INTRODUCTION & BACKGROUND
Infertility in Kenya is quite rampant and an impairment in the active African society. According to the latest research by Aga Khan University Hospital, shows that every one in 4 to 8 women visiting a gynecologist in Kenya today has some difficulty in conceiving.
Childless women in Kenya suffer discrimination, stigma and even ostracism, such that women feel isolated in family get-together and may fail to participate in family talks regarding children for fear of ridicule and criticism. They are burdened with deep disappointments for they are considered and talked about as cursed and may bear with extra marital relationships that their husbands tend to have if not being divorced.
Kenya being a low income country, infertility prevention and care is not given the required attention and interest when it comes to health issues.
It is from this background that Fertility Kenya was founded. This is a Medical and Health Non-Governmental Organization (NGO) registered in 2015 by the NGO Board of Kenya to address the plight of women and men affected by infertility. The NGO was founded as a result of our Founder Cecelia Karanja having suffered from infertility for eleven years and two failed marriages. After the storm, she is now a proud mother of three healthy children.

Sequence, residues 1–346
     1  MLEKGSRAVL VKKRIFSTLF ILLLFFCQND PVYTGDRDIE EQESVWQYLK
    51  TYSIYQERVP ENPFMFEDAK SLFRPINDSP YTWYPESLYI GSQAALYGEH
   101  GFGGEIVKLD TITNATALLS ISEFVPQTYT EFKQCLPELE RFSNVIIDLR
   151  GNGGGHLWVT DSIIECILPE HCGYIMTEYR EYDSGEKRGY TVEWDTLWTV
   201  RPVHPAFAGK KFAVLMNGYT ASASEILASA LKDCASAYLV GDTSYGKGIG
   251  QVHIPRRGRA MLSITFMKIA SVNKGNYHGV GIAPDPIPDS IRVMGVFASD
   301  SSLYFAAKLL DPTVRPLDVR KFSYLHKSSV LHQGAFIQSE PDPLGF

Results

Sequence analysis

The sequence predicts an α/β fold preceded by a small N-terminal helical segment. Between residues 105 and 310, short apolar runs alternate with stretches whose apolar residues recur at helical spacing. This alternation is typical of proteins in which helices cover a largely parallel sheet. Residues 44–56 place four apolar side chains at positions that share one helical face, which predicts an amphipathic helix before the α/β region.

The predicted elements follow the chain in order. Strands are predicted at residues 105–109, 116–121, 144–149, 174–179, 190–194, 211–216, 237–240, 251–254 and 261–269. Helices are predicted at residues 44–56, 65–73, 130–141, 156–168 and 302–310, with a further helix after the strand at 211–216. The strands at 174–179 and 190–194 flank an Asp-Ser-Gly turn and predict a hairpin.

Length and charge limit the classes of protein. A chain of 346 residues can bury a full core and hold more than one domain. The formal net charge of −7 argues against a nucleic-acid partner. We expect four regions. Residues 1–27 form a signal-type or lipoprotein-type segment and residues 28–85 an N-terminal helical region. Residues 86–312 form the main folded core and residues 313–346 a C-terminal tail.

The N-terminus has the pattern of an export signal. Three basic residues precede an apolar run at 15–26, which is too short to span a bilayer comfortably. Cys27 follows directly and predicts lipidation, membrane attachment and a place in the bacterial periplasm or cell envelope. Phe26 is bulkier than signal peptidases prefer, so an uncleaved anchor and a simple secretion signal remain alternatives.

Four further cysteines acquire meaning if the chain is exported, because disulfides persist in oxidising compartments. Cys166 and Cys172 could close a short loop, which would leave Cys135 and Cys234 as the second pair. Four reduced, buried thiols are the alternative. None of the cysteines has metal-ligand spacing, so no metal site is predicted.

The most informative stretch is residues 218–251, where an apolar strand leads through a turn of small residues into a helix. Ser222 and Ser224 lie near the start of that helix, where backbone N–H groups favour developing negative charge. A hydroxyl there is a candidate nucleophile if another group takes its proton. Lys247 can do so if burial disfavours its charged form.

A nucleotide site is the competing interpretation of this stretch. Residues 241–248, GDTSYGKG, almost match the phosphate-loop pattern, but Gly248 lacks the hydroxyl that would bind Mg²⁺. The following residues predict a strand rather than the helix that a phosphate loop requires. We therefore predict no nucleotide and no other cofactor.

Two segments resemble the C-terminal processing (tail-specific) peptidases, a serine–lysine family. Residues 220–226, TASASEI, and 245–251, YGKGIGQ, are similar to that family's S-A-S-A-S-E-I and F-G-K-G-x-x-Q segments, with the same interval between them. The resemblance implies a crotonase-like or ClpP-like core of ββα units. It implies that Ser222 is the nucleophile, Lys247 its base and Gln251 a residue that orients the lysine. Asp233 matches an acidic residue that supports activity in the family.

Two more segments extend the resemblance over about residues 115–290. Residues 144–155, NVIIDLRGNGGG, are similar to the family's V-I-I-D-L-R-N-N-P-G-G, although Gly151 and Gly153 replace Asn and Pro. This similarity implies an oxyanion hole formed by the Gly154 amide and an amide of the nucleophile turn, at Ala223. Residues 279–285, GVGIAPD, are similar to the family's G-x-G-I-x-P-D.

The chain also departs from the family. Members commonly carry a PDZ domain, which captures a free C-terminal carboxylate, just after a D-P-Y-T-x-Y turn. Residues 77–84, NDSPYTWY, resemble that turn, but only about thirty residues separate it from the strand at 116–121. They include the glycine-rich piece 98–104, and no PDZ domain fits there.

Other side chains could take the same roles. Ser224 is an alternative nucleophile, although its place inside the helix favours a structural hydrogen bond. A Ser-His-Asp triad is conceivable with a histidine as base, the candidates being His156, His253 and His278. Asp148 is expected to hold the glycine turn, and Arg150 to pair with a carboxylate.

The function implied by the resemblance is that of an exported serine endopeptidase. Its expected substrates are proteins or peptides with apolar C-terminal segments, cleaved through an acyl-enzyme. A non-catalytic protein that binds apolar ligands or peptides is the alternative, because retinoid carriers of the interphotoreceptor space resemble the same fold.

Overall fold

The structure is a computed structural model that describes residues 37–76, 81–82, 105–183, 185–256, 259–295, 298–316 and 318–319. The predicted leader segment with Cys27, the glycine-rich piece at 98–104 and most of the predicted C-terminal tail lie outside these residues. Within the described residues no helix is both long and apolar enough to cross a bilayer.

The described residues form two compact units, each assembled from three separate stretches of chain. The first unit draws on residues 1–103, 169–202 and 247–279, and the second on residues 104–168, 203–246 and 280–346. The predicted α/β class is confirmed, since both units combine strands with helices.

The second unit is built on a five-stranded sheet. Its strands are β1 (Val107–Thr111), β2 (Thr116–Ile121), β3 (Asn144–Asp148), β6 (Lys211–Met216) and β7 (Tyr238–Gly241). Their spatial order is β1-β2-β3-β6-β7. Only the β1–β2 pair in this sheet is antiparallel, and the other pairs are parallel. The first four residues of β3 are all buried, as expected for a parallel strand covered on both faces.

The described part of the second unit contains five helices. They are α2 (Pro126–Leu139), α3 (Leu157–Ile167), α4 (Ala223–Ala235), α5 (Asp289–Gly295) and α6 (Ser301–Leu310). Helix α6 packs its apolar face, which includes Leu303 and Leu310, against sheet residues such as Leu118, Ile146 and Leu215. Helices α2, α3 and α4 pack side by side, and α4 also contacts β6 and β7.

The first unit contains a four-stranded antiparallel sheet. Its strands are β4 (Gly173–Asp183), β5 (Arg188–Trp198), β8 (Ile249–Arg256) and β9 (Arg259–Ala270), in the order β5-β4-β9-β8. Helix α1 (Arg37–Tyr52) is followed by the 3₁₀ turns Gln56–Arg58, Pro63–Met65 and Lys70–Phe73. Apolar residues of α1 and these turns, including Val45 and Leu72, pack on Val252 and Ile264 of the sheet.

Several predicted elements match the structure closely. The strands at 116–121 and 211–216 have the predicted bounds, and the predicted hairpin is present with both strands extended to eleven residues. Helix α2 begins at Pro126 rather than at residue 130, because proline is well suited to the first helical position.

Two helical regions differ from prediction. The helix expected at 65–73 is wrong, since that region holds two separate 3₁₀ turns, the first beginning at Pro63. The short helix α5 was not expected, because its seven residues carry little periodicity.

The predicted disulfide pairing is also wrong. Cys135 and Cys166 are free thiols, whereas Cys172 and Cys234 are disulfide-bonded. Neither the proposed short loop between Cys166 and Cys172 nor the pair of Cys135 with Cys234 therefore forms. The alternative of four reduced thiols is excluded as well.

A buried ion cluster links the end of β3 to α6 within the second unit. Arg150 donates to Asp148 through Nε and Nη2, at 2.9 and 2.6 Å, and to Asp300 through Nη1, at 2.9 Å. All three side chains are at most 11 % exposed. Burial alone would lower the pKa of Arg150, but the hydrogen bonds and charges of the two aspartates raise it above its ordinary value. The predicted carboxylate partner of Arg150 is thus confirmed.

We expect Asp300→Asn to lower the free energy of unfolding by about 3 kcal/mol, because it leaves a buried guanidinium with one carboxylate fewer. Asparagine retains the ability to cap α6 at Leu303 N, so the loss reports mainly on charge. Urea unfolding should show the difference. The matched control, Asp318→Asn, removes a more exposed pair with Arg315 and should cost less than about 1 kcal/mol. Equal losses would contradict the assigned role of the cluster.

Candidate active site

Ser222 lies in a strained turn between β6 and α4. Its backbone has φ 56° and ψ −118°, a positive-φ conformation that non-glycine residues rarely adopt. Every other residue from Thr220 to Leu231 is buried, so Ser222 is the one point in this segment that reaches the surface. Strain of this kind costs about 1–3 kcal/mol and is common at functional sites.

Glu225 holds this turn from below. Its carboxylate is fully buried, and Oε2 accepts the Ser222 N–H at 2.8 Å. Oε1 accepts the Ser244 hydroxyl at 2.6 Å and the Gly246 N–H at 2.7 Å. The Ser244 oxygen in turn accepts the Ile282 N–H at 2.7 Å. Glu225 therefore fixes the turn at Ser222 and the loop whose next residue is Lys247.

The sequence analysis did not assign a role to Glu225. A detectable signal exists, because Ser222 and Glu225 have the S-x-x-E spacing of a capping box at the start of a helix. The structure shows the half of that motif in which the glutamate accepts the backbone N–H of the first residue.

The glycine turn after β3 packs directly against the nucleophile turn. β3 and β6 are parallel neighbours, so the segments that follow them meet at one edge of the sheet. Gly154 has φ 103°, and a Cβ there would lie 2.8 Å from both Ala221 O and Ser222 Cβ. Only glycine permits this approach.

The organization implements awareness activities that give hope and provide a chance of parenthood to all affected by the condition. Since then, the NGO has actively been at the forefront fighting the stigma and myths associated with infertility.
Fertility treatments are not covered by medical insurance covers offered in Kenya, and this treatment is very expensive in hospitals offering this services. A common cause of infertility includes;
- Infrequent or failure to ovulate
- Problem with transport of sperms
- Blocked tubes mainly due to previous sex infections
- Advancement in age especially after age of 35yrs for women
- When couples postponed child bearing due to careers
Fertility Kenya has registered members from all over the country with a registered membership scale of up to 3000 individuals. 30% of the members have successfully undergone IVF treatment and conceived while another 20% have had successful laparoscopy surgery. There is about 50% who are awaiting treatment citing the high cost of treatment as a barrier.